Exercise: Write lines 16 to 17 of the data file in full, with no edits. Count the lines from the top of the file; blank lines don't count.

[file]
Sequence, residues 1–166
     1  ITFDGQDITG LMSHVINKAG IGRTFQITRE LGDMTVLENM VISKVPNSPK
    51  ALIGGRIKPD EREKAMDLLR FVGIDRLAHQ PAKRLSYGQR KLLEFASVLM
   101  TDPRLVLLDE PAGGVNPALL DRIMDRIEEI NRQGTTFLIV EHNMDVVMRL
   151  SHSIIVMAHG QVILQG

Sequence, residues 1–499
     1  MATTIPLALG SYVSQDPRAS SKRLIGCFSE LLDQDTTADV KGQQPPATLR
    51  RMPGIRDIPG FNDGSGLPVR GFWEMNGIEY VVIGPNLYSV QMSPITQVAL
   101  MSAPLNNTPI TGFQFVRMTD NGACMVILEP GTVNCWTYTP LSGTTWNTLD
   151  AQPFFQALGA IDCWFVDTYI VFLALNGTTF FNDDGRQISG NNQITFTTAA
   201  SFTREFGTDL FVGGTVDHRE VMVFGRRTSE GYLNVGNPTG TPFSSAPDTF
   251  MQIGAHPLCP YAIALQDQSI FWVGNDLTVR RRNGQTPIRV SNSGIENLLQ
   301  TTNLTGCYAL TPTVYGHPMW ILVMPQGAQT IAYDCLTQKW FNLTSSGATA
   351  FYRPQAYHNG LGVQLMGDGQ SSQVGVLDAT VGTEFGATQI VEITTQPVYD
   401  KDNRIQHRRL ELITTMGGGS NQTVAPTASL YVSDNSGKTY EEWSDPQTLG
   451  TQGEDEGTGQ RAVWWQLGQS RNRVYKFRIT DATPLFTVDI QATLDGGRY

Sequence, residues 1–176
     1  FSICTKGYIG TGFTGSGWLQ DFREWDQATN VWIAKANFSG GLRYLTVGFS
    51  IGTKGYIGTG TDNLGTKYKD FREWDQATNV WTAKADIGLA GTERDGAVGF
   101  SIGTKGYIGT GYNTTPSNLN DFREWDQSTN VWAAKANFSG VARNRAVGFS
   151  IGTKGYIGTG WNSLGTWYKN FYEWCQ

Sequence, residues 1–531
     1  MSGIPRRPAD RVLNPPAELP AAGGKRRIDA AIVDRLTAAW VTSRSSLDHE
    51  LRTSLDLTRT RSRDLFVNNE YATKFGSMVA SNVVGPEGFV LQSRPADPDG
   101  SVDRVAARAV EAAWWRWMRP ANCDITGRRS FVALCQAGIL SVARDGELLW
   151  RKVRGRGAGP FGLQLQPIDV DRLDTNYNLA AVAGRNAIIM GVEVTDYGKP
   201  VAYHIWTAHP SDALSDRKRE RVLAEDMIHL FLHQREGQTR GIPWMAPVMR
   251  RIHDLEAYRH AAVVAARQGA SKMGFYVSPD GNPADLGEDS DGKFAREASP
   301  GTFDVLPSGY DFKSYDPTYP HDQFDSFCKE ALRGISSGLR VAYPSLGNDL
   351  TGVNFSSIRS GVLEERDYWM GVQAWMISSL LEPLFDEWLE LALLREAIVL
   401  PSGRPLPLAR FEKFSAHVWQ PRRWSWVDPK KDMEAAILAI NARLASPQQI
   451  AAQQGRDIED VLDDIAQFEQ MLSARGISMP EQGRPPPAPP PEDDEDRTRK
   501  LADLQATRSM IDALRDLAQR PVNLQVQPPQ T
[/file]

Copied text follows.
   451  TQGEDEGTGQ RAVWWQLGQS RNRVYKFRIT DATPLFTVDI QATLDGGRY

Sequence, residues 1–176